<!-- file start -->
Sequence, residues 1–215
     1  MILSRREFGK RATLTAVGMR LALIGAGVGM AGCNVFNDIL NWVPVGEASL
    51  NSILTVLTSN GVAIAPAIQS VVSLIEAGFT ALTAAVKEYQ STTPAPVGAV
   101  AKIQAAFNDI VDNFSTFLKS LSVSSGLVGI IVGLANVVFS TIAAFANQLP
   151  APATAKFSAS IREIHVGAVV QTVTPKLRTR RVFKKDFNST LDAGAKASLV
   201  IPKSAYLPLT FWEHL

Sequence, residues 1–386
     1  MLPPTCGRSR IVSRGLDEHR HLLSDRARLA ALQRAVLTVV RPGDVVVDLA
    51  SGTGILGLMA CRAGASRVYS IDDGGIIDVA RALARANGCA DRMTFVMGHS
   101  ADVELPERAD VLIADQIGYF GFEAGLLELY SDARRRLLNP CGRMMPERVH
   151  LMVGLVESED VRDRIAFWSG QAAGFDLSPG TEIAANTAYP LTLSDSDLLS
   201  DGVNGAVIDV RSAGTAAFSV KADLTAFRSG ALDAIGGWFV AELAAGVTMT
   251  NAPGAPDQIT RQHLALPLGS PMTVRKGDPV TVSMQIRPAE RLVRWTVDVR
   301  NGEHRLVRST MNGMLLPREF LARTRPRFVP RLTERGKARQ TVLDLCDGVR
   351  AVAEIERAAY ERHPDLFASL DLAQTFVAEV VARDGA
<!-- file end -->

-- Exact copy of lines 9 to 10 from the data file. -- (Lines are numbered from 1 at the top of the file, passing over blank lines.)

    51  SGTGILGLMA CRAGASRVYS IDDGGIIDVA RALARANGCA DRMTFVMGHS
   101  ADVELPERAD VLIADQIGYF GFEAGLLELY SDARRRLLNP CGRMMPERVH